graphene plasmonic switch using magnetic biasing


#1

Hi
i want to excite a graphene-plasmonic structure with magnetic biasing. my first question is, in the papers, researchers use dc magnetic field with the unit of Tesla, while the only available option is to change the amplitude of magnetic moment. how can i apply for example 2 Tesla via the amplitude of magnetic moment and number of dipoles?. the second question is to have a dc field. is it true to set the min and max frequency or wavelength of the excitation the same?. and the last question is about the orientation of magnetic dipoles. the papers state that the direction of magnetic field is in the z direction. don’t you think various orientations would be better?
my goal is to achieve the propagation and cut-off conditions by modulating the chemical potential of graphene, excited frequency and most importantly, magnitude of dc magnetic field.

impatiently waiting for your response.

Best,
Graphene-Plasmonic switch.fsp (746.0 KB)
http://aip.scitation.org/doi/pdf/10.1063/1.4769749


Add voltage to metal
#2

Hi @s_eskand,

To simulate the response of graphene in the presence of a dc magnetic field you need to modify the conductivity model. The model we have implemented does not include effects from applied dc magnetic fields. One option is to calculate the conductivity for a bunch of frequencies and the dc magnetic field you want (using expressions Eqs. 2 and 3 in the reference you mentioned). Then you can import the conductivity data using the sample 2D data material.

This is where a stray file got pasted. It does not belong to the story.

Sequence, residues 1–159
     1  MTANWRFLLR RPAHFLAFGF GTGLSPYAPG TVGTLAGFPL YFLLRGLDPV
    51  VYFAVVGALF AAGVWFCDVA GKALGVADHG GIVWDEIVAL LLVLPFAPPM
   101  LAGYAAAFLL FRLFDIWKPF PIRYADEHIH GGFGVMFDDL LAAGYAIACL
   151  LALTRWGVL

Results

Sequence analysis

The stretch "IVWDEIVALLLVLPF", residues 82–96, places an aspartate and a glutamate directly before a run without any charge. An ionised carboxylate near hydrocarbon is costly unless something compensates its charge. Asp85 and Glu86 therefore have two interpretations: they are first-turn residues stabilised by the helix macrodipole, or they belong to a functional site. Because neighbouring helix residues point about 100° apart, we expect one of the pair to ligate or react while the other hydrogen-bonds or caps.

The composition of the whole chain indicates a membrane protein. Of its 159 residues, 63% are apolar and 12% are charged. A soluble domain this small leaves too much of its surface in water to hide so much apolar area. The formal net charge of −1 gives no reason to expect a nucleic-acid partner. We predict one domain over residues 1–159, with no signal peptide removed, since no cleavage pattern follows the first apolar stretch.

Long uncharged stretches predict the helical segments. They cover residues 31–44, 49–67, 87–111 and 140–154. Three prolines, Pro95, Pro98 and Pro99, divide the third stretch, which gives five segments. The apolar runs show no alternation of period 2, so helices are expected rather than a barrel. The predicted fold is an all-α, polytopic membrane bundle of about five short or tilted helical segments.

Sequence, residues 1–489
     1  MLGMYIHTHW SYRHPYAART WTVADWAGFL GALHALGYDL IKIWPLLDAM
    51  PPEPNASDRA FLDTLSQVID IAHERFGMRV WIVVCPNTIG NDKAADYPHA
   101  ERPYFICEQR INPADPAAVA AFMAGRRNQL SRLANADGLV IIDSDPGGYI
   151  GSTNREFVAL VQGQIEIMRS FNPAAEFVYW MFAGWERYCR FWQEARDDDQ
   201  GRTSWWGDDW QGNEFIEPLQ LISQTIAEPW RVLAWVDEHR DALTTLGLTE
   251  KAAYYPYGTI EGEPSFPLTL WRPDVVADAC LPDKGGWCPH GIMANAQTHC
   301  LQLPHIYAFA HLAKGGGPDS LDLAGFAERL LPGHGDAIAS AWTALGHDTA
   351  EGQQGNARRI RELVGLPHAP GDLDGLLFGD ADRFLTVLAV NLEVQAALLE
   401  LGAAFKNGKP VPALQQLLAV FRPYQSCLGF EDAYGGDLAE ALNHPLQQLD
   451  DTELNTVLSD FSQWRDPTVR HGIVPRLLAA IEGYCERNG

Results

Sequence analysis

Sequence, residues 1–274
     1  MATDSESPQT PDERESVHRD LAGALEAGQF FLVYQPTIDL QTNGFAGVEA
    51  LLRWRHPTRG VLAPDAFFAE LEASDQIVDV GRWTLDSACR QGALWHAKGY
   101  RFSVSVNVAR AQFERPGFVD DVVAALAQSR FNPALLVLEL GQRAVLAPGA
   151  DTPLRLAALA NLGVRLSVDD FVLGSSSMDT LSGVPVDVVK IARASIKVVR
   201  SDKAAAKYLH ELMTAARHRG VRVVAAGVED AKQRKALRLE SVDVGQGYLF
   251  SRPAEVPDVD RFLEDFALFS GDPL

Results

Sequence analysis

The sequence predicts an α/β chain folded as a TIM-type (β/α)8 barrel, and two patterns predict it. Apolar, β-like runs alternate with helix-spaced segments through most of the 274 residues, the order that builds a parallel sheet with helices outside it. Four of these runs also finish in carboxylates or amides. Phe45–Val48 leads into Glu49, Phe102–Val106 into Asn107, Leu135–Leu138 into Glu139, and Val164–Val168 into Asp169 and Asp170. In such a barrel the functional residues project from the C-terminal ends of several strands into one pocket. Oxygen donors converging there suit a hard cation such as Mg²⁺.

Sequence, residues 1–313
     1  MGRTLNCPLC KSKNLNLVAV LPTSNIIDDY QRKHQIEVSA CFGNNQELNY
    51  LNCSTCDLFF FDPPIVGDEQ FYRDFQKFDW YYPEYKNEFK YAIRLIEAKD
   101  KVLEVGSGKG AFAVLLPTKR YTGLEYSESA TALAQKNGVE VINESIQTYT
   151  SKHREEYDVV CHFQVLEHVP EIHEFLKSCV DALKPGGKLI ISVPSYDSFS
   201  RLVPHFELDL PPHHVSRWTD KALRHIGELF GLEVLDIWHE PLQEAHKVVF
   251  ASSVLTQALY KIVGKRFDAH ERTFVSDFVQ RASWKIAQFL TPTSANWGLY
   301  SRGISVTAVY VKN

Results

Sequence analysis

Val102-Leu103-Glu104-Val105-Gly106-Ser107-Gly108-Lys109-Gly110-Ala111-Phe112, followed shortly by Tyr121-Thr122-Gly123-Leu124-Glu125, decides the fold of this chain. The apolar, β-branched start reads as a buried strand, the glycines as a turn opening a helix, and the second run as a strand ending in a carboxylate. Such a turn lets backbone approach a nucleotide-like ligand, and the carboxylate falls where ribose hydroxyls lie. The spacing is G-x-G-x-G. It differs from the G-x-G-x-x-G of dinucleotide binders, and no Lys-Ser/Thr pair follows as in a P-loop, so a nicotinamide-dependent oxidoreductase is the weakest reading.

I also wanted to point out that the magnetic dipoles won’t generate a dc signal. They will inject a pulse with some centre frequency as a regular source in FDTD.


#3

Thanks fgomez. it was very useful


#4

Hi fgomez.
with reference to my question, i would say that i have finally found the relation between dc magnetic field and scattering rate of the graphene. so changing either the scattering rate or chemical potential results in changing the magnetic field. actually, I’m trying to observe the effect of the magnetostatic field rather than using directly of that. i think there’s no need to write the script or import the data anymore. do you agree with this?. but there’s still a major problem. with just observing the effect of the magnetostatic field, how can i excite the structure?

impatiently waiting for your response.


#5

Hi fgomez.
following your useful recommendation about importing the conductivity data using the sample 2D data material, i have trouble creating sampled 2D data materials. (for 3D materials, i have no problem). i searched the forum and found the following picture which i think it is the place i’m looking for, but i don’t know how to reach. would you please help me find it?

thanks in advance.


#6

Hi fgomez.
i am trying to regenerate an article. the graphene used in the article is an infinite sheet of graphene. would you please guide me how to define an infinite sheet of graphene?

impatiently waiting for your response.

thank you for your kind cooperation.


#7

Dear @s_eskand

As @fgomez mentioned, our model does not capture the magnetostatic effects. So, to model graphene and study it you will not need to import data which you obtained from the model.

I think you are working with conductivity (not resistivity). Also, if the model is described in units of S (independent of thickness), you will need layer thickness. Please note that when you import data, there are two options for the conductivity: S and S/m. The same discussion holds for resistivity (Ωm and Ω). Please see the screenshot below:

I hope this answered your question.


#8

Hi bkhanaliloo
thanks for your prompt reply.
i was using lumerical 2016a while the sampled 2D data is introduced in 2017a. i’m now using the latest version and there is no problem.


#9

Glad to hear that you figured it out.

Thanks